>Then you have band-limited versions of the above. A sinc signal is sin(x)/x and a windowed-sine pulse is a finite excerpt of that. You can use integration to turn sinc into step, but it looks like one edge of a square wave with Gibbs phenomenon - ringing.
>One minor problem with sinc is that there's a lot of signal before the peak, and just as much after. Thus, if you want an impulse that's band-limited, you have to know well in advance (look-ahead). One good way around this is to use a minimum-phase version. There's still a small lead up to the peak, but not multiple bumps, and then the rest of the energy bounces around after the largest peak (which is slightly reduced by the transformation).
>If you calculate integration on a minimum-phase windowed-sinc pulse, then you get the minimum-phase band limited step waveform. This is what is called a MinBLEP.
>Any time you need to jump (discontinuity) in your waveform, such as a ramp reset, just mix in the MinBLEP *instead* of jumping instantly. There is extra calculation, because an instant jump only requires one sample to reach the new value, whereas the MinBLEP is a train of samples that have to be mixed with whatever samples follow the discontinuity.
>For a ramp, most samples are only a small change from the previous sample, and don't need the MinBLEP. But those reset events do require the MinBLEP. When you mix the sawtooth, I think you use the jump to determine the amplitude of the MinBLEP, so it's scaling rather than mixing for that one sample, and then the subsequent samples are a mix of the sawtooth and MinBLEP until you hit the end of the MinBLEP and it reverts to pure sawtooth.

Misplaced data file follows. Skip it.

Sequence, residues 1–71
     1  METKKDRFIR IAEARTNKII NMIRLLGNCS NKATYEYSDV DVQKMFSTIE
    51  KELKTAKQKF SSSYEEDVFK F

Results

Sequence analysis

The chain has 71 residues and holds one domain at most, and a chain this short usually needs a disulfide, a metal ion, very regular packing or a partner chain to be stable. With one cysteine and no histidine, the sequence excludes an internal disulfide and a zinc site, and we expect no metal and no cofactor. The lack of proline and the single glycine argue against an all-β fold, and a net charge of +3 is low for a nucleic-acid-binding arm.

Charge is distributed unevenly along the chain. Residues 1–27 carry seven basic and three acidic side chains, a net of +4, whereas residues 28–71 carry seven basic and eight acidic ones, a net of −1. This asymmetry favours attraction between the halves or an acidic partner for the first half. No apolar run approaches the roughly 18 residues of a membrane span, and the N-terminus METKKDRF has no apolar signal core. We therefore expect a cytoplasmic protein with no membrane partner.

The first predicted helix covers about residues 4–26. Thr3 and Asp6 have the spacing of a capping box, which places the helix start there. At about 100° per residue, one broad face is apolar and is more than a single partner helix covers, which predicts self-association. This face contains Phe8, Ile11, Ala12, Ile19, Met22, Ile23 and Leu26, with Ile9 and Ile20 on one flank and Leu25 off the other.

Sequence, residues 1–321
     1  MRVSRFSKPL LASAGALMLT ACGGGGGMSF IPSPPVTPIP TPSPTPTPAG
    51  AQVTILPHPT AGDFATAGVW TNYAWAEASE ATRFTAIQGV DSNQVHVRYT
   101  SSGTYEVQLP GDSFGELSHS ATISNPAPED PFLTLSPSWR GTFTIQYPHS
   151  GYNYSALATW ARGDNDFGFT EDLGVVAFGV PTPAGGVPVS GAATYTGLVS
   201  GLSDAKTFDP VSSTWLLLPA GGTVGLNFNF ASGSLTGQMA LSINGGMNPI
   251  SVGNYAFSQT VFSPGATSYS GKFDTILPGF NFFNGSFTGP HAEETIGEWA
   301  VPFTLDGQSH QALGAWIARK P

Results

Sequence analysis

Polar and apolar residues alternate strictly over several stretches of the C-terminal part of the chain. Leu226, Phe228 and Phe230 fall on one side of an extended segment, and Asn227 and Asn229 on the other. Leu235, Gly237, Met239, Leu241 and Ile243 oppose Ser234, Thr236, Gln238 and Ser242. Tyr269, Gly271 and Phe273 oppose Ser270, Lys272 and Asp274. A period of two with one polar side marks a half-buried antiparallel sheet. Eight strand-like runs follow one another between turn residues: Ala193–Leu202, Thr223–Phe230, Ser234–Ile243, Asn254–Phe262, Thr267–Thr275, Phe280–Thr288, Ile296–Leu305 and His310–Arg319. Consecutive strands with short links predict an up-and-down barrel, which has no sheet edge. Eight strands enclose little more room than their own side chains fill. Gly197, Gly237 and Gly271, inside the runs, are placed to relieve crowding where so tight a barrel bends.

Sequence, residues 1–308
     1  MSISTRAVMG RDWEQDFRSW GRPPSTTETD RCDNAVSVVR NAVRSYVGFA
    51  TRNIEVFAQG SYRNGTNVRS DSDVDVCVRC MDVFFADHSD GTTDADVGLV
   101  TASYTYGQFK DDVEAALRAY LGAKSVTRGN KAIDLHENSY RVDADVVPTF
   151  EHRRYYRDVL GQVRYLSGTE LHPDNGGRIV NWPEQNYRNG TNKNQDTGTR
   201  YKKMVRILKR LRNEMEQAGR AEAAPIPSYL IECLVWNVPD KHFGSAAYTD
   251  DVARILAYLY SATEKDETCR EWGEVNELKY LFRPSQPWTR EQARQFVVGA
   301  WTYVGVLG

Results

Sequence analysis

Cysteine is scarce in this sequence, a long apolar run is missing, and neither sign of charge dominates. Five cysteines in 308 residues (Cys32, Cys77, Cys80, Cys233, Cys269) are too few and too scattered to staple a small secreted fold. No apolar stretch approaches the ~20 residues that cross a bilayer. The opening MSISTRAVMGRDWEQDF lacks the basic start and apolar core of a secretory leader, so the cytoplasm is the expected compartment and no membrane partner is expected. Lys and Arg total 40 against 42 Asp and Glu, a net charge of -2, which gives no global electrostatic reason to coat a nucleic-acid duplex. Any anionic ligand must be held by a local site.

>What I don't know it whether you're supposed to allow MinBLEP mixing to overlap. Theoretically, they should probably all get mixes, so your engine needs to handle multiple overlapping MinBLEPs. However, I suppose it might just be the case that you should avoid letting the fundamental frequency get high enough that overlap would occur. In other words, however long the MinBLEP is in samples, that's also a hard limit for your minimum period length - at least if you want to avoid the extra math of mixing more than one MinBLEP.
>Then there's the question of infinite MinBLEP if you really take things to the extreme.
>Brian Willoughby